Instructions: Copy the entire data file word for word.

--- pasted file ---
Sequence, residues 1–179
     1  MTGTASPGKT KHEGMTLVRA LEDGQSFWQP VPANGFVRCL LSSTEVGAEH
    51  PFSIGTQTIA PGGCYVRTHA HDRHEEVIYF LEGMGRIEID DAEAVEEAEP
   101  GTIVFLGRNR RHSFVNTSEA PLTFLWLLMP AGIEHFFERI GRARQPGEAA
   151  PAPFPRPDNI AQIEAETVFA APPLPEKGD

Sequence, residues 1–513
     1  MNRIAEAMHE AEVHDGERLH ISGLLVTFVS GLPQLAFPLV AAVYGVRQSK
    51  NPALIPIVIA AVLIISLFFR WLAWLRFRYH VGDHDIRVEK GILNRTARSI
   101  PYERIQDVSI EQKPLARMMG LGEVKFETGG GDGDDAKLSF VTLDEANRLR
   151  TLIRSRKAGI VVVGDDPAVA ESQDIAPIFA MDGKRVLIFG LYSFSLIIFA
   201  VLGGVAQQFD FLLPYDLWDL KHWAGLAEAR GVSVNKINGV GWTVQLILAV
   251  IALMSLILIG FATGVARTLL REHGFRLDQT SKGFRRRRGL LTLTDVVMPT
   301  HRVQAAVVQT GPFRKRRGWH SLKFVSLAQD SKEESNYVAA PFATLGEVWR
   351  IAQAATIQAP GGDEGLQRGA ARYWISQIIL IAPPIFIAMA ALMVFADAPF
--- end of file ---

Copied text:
Sequence, residues 1–179
     1  MTGTASPGKT KHEGMTLVRA LEDGQSFWQP VPANGFVRCL LSSTEVGAEH
    51  PFSIGTQTIA PGGCYVRTHA HDRHEEVIYF LEGMGRIEID DAEAVEEAEP
   101  GTIVFLGRNR RHSFVNTSEA PLTFLWLLMP AGIEHFFERI GRARQPGEAA
   151  PAPFPRPDNI AQIEAETVFA APPLPEKGD

Sequence, residues 1–513
     1  MNRIAEAMHE AEVHDGERLH ISGLLVTFVS GLPQLAFPLV AAVYGVRQSK
    51  NPALIPIVIA AVLIISLFFR WLAWLRFRYH VGDHDIRVEK GILNRTARSI
   101  PYERIQDVSI EQKPLARMMG LGEVKFETGG GDGDDAKLSF VTLDEANRLR
   151  TLIRSRKAGI VVVGDDPAVA ESQDIAPIFA MDGKRVLIFG LYSFSLIIFA
   201  VLGGVAQQFD FLLPYDLWDL KHWAGLAEAR GVSVNKINGV GWTVQLILAV
   251  IALMSLILIG FATGVARTLL REHGFRLDQT SKGFRRRRGL LTLTDVVMPT
   301  HRVQAAVVQT GPFRKRRGWH SLKFVSLAQD SKEESNYVAA PFATLGEVWR
   351  IAQAATIQAP GGDEGLQRGA ARYWISQIIL IAPPIFIAMA ALMVFADAPF